SD City Council Vows to Protect Libraries and Recreation Centers from Cuts
City News Service
San Diego City Council members have vowed to keep local libraries and recreation centers from painful budget cuts, and outlined a plan to maintain the facilities’ hours and employees.
“Never before has a City Council taken such a hands-on approach to solve budget problems,” council President Tony Young told reporters.
Young and several council colleagues spoke out in response to a proposal by Mayor Jerry Sanders to cut library and recreation center service hours in half to save money and eliminate positions.
In La Jolla, hours at La Jolla Rec Center had been proposed to be halved from 40 to 20, with a cap of 6 hours placed by the city on the community “buying back” hours for the center. The Florence Riford Library’s hours were proposed to be cut by the same amount, with a plan to have libraries in nearby communities open on alternate days cushioning the blow and preserving library access for patrons at the cost of extended travel time.
City council members said they would not approve a budget for the upcoming year that cuts funds to those programs.
“We’re sending a strong message that the budget we want to provide the mayor for the upcoming fiscal year will include restored hours to our city’s cherished libraries and beloved rec centers,” Young said.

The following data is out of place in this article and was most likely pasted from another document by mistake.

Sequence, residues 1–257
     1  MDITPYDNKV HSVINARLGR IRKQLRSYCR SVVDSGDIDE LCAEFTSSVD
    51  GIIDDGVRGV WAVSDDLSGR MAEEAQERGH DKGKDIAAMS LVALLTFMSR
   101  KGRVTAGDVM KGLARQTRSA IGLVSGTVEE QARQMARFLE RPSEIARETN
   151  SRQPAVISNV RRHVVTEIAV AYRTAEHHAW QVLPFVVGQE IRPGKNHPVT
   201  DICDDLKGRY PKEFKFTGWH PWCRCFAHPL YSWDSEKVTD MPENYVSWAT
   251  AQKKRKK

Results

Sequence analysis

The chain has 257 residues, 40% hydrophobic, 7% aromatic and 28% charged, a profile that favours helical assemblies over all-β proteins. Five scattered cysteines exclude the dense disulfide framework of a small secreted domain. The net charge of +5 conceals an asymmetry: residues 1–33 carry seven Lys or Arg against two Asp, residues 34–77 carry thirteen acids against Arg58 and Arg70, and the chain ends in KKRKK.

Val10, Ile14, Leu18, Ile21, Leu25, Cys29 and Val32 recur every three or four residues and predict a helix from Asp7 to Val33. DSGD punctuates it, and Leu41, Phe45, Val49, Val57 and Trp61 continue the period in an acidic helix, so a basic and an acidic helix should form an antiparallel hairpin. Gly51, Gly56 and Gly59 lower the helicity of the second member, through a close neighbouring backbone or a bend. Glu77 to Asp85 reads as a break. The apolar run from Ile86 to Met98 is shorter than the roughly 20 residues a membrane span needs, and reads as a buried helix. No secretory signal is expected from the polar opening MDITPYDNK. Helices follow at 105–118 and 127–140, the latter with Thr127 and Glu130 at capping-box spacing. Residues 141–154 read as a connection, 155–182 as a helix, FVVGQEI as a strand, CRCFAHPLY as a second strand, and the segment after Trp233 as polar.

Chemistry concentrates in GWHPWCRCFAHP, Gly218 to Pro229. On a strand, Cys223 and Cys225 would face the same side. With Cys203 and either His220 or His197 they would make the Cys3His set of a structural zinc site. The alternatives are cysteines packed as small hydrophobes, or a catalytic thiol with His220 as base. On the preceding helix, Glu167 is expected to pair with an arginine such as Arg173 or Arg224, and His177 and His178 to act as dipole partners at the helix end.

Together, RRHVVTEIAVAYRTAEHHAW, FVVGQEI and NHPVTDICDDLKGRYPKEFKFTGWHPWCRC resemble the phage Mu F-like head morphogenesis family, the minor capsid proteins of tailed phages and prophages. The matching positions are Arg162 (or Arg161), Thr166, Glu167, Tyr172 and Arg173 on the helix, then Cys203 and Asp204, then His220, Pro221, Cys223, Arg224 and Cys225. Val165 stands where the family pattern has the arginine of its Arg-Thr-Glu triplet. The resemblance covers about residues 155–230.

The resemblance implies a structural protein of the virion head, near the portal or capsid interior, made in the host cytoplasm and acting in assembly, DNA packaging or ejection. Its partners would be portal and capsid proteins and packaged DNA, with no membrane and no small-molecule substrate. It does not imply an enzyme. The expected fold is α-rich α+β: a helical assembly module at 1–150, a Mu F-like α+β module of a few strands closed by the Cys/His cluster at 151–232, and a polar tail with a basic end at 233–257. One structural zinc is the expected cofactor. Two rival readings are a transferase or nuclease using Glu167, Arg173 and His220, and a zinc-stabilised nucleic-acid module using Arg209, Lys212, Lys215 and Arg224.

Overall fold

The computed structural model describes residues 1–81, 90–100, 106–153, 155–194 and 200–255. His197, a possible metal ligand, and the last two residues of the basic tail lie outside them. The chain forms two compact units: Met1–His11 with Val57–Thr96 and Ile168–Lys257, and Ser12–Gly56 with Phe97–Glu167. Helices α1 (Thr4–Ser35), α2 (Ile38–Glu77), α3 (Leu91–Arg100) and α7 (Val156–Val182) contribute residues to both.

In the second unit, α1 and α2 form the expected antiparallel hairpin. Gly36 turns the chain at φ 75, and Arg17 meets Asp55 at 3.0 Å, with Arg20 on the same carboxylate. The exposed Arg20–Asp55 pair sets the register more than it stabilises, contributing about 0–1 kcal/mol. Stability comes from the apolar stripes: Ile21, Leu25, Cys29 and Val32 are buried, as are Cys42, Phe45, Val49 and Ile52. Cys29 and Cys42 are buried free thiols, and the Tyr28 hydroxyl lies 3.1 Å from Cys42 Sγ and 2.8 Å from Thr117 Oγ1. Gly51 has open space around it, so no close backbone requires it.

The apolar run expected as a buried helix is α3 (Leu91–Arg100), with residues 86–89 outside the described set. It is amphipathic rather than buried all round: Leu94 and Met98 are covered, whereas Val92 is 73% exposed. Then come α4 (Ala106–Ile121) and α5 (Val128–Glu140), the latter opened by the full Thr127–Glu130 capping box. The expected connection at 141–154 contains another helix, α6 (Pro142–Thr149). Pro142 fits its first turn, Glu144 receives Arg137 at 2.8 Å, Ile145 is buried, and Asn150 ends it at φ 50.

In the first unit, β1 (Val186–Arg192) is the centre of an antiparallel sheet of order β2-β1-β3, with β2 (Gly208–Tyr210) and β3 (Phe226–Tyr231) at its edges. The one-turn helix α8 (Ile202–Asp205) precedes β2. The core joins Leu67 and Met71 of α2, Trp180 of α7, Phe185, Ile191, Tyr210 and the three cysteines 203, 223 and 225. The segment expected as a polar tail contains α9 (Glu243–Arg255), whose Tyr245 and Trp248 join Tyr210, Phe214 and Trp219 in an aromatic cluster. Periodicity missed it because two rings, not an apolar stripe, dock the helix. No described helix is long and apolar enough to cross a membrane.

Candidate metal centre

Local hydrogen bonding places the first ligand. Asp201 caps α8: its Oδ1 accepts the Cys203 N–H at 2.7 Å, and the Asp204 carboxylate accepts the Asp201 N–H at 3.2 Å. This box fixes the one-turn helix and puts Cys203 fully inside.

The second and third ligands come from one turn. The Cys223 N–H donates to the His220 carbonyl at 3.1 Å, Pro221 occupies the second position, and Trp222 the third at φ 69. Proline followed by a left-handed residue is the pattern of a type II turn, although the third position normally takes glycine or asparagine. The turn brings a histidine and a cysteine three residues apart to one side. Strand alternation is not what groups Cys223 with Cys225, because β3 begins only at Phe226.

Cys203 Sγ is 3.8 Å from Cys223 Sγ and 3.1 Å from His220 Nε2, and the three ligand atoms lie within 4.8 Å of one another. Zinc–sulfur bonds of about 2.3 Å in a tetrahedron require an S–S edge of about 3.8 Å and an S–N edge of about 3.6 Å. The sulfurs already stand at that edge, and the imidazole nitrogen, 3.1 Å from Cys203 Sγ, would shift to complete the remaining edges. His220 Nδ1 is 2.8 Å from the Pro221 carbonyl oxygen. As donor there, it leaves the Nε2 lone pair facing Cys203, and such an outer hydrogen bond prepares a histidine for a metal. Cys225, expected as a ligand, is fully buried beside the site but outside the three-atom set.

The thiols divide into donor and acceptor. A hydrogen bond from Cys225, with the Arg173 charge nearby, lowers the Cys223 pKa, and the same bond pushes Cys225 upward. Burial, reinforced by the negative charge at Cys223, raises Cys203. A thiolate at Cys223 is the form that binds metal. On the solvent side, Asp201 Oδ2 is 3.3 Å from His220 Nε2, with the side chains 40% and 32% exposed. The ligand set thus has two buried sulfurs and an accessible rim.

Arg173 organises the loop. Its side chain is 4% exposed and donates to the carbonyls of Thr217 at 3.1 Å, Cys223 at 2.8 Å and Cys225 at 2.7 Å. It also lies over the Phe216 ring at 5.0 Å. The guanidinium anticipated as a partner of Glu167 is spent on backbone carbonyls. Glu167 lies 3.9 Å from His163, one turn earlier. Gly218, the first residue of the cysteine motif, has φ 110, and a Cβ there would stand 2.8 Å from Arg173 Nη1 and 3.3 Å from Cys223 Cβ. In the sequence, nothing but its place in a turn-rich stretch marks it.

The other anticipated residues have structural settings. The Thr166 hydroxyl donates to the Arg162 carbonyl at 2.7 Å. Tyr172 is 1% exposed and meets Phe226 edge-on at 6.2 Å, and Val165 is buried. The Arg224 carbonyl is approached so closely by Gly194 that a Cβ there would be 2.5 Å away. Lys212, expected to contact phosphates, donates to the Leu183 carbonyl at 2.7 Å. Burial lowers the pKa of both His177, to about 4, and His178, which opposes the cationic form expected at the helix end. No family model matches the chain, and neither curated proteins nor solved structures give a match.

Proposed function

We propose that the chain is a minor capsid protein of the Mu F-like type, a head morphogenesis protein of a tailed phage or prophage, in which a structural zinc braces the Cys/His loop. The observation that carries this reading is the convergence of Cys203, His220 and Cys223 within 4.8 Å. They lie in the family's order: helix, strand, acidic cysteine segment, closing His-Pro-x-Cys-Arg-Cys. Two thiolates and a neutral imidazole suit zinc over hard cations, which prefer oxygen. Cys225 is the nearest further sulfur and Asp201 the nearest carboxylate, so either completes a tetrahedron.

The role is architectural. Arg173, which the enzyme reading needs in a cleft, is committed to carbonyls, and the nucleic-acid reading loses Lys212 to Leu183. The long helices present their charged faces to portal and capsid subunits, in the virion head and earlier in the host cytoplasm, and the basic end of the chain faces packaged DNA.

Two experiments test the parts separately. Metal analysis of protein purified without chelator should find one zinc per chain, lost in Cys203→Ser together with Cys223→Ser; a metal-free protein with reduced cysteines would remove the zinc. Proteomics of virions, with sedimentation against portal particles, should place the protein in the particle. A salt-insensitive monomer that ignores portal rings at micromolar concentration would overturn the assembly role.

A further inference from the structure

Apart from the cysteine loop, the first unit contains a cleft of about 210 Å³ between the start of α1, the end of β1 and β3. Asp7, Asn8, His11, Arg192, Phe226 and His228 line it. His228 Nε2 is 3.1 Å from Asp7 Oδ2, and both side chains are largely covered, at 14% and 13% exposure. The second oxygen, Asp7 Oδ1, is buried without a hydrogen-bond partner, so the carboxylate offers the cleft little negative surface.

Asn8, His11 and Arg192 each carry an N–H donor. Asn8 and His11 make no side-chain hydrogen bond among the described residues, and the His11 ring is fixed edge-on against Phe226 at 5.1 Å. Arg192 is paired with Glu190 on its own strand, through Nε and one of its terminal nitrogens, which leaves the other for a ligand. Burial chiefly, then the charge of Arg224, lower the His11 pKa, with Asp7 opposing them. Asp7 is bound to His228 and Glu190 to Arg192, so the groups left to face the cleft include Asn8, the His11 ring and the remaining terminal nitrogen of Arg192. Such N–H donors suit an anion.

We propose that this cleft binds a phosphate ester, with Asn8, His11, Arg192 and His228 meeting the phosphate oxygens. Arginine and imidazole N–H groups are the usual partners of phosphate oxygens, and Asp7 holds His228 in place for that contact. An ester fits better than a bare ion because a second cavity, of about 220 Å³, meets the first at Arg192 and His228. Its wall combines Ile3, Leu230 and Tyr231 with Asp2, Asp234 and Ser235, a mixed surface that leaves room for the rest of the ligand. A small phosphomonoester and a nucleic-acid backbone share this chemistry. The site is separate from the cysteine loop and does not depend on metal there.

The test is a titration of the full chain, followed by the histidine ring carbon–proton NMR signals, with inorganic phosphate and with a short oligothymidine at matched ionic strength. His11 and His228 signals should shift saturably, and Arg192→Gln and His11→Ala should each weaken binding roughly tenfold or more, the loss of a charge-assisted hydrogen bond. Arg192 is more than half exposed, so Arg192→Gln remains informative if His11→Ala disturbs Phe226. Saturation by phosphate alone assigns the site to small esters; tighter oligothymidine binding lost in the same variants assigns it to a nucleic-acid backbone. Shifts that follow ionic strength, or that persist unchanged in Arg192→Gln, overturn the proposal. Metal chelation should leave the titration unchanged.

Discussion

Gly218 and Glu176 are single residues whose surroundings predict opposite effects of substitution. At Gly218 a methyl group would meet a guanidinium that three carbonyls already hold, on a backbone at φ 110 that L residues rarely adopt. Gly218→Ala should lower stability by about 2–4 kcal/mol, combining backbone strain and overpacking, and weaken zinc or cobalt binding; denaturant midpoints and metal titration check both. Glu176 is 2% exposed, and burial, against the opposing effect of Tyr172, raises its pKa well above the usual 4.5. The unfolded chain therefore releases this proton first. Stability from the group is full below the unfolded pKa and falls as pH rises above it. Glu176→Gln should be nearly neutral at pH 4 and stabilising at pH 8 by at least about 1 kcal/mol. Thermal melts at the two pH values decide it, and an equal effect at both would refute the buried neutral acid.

The council must come up with more than $10 million to maintain San Diego libraries and recreation centers current operating hours.
Young and colleagues Todd Gloria, Lorie Zapf and David Alvarez outlined a 10-point plan to keep libraries and recreation centers off the chopping block by tapping into nearly $13.5 million in options presented in March by the city’s independent budget analyst.
The council will continue to look for “new, innovative out-of-the-box
ways to do business at city hall,” Zapf said. “As a team we can find
solutions and work through this.”
The plan includes eliminating cell phones and reducing training and
overtime pay for non-public safety department workers.
The council proposed increasing revenue up to $500,000 from marketing partnerships that would include advertising on city-owned trash cans and lifeguard stations, and cutting supply and copy expenses.
The council members want to increase the expected revenue for the 2012 fiscal year by $3 million to reflect growth in sales and hotel room taxes.
The council also planned to use money from the sale of a downtown
building and will reduce workers’ compensation funding to raise the $10.3 million needed to restore funding to libraries and recreation centers.
Young said support from one more council member is needed for passage of the plan.
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